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We are all software and analytics companies now

Energy is one industry that will benefit from the transition to advanced software analytics.
By Marco Annunziata

Chief Economist and Executive Director, Global Market Insights at GE

Published Last updated This article is more than 2 years old.

The next few years will see industries transformed by technology. From utility companies optimizing electricity distribution grids, to logistics companies shedding seconds from deliveries, to doctors drawing on immediately accessible diagnostics for their patients, software and analytics will fundamentally change the way the world works. By harnessing data, machines, and their analytical capacity, that technological transformation will usher in a new era of productivity for both industry and its workers.

At GE, we call this technology the Industrial Internet. And Europe, in particular, is ripe for that kind of transformative economic boost.

The challenge

Though it has emerged from the worst of the economic crisis, Europe continues to experience slow growth. In fact, GDP growth only last year inched back above its 2007 pre-crisis level. In comparison, GDP in the US is now already 10% higher than before the crisis, and in Australia, it is 22% higher.

It’s true that supportive monetary policy, a weaker euro, and lower energy prices have helped to stoke European growth. But part of Europe’s lingering problems are due to a lack of available work, and a lack of productive work. Unemployment—especially youth unemployment—is unacceptably high, and productivity across the EU has been cut in half, from a pre-crisis 1.8% down to 0.9%. In other words, European productivity growth is half of what it used to be, and half of what it could be.

Productivity growth is crucial to sustainable economic growth, and at GE we sense an opportunity in Europe’s output gap. If European companies can transform traditional industrial assets into smart, connected devices, Europe can reboot productivity, competitiveness and prosperity, and help the region unleash investment and growth.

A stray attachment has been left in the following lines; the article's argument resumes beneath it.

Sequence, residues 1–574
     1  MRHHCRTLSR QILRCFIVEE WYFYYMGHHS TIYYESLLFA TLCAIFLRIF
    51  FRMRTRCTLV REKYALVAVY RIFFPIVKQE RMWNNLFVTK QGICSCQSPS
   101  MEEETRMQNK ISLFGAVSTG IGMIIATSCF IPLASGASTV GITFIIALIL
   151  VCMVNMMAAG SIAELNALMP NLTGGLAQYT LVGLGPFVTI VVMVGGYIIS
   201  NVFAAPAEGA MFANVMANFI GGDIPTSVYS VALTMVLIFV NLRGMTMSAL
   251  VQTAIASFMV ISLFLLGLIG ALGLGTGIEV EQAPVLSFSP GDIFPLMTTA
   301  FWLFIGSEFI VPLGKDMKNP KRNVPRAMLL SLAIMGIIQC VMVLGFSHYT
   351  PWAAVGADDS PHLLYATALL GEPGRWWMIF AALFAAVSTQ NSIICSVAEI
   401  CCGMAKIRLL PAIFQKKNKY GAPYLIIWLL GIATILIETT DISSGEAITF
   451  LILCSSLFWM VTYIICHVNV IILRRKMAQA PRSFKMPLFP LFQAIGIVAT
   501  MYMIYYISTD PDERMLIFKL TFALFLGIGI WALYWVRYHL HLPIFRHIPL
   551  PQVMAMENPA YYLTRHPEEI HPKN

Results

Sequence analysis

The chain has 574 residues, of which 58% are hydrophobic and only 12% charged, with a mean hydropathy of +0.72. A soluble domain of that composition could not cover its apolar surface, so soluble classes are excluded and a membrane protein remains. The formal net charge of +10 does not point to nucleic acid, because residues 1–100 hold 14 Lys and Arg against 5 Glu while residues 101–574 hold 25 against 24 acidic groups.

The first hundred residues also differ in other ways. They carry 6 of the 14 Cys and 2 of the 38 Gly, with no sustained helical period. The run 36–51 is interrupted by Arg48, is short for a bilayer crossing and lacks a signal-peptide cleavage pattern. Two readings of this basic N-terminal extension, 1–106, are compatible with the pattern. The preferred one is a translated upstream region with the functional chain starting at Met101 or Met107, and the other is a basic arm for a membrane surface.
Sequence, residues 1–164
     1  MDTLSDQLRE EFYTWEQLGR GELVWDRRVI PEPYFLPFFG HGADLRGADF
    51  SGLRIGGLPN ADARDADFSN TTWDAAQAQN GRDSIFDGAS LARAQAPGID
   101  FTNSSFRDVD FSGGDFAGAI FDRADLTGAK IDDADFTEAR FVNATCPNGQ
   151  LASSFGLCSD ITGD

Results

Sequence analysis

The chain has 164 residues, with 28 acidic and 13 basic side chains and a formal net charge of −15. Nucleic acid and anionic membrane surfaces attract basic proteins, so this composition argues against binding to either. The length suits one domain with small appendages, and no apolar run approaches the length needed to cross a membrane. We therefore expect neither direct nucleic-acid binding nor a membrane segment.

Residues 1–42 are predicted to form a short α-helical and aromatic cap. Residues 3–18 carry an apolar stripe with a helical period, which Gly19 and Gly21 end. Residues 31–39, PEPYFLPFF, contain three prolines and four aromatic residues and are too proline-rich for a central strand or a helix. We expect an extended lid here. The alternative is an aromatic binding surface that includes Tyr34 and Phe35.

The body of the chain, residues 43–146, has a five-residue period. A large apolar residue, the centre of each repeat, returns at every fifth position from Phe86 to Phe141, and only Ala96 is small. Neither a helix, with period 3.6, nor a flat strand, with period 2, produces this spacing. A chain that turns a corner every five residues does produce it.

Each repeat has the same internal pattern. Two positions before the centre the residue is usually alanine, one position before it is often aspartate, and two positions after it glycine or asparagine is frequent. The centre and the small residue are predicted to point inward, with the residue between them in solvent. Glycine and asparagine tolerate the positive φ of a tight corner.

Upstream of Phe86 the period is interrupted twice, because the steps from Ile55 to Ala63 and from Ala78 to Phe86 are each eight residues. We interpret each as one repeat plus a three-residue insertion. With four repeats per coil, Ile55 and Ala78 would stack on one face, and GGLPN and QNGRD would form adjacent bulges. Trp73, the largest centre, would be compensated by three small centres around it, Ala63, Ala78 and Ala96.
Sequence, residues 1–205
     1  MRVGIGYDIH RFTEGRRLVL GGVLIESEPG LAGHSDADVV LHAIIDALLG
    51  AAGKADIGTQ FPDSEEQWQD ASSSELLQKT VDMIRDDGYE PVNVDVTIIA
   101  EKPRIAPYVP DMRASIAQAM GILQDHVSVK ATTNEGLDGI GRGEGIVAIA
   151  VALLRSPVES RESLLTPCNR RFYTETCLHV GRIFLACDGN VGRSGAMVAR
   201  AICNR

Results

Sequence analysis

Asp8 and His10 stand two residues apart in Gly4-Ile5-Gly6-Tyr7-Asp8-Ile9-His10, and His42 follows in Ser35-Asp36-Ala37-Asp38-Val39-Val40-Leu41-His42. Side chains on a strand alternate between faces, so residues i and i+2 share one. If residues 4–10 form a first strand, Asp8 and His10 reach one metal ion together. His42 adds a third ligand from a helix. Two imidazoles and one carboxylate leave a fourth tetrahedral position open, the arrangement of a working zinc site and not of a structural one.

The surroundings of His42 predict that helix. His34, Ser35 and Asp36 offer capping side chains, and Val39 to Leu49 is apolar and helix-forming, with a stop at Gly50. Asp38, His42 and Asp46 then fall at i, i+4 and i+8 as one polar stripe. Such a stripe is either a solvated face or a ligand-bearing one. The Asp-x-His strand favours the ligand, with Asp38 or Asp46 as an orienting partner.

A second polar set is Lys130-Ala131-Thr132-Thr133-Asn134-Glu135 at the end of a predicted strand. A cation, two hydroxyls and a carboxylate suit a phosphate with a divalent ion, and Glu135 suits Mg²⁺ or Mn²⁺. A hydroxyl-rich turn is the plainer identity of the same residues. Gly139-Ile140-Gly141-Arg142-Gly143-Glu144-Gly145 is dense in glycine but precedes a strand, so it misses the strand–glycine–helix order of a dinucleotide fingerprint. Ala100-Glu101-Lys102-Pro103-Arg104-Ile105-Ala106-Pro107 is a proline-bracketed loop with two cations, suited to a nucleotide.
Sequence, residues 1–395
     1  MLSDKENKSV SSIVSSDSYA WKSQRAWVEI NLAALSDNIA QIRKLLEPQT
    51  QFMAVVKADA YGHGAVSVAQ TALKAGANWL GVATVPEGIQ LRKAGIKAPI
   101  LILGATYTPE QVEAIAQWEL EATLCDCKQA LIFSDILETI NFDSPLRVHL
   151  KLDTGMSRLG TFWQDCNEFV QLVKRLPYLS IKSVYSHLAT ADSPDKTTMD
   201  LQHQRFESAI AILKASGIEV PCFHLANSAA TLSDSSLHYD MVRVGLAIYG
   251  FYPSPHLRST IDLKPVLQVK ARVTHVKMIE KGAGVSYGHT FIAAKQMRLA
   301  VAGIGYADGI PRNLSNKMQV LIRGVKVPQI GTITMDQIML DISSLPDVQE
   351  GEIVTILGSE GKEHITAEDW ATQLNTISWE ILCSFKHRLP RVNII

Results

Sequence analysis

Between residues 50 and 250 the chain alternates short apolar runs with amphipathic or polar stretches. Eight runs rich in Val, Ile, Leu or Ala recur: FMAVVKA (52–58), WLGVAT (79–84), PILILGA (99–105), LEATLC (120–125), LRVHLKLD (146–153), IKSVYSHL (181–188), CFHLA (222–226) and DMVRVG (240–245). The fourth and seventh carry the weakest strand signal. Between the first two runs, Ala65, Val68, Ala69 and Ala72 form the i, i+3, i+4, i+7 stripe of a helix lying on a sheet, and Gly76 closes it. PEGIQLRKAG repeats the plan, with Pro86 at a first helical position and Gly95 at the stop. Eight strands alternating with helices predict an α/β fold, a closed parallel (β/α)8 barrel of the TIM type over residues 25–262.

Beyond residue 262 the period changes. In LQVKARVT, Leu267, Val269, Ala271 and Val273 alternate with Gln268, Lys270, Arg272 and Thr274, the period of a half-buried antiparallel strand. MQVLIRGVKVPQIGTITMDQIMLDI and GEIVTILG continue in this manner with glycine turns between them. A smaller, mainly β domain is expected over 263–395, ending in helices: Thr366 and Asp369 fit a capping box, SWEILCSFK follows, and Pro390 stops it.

The opportunity

Three years ago, we estimated that if connected machines and advanced analytics could help make industry just 1% more efficient, the sheer scale of industrial operations across the globe would translate into economic gains valued in hundreds of billions of dollars. It turns out that was a conservative estimate. GE’s Industrial Internet solutions are actually delivering not 1%, but 20% improvements in efficiency, on average, across our industries. If these kinds of performance gains can be realized across European industrial sectors, this could equate to a $1.7T annual boost to EU GDP.

Improvements have multiplier effects. For example, reducing healthcare costs frees up public money that can be directed to infrastructure improvements or reducing taxes. It also keeps the workforce healthy and productive. And on factory floors and across supply chains, digital technologies will boost the efficiency and productivity of European manufacturers. That will help to both strengthen their competitiveness and grow exports.

In addition to hardware improvements, industry needs an app economy—software built for industrial platforms—to unleash its full potential. And though the app economy is already an important job creator, between 2015 and 2018 the EU app economy is expected to create another 2.9 million jobs. As developers increase their focus on building software to transform industry, high-quality European jobs will emerge.

The stakes

This next wave of innovation will rapidly change the global industrial landscape. Those countries best positioned to move quickly to adopt these transformative tools will enjoy a significant competitive advantage. Particularly exciting for poorer economies or emerging markets, some of these technologies could even help them leapfrog existing gaps in infrastructure, or bolster weaknesses in institutional structure.

Europe should take heed: As we noted in a previous study, two decades ago Europe was too slow to capitalize on the opportunities presented by the consumer internet and ICT revolution. But today’s digital industrial revolution has the potential to be even more disruptive than the ICT revolution was then. It requires an even higher degree of flexibility, adaptability and coordination to deliver its full potential. If Europe doesn’t move to leverage the potential of the fourth industrial revolution, it could fall behind.

Until then, GE and other great companies will continue to make big bets on Europe. It is home to eight of the twelve most competitive countries in the world, and is tackling some of the toughest challenges in healthcare, energy, transportation, and environmental sustainability. With the right conditions in place, Europe is optimally placed to lead the upcoming digital-industrial revolution.

GE is hosting industry leaders in Paris for a forum focused on the digital transformation of industry. To find out more about how Europe can lead the next industrial revolution, click here.

This article was produced on behalf of GE by the Quartz creative team and not by the Quartz editorial staff.

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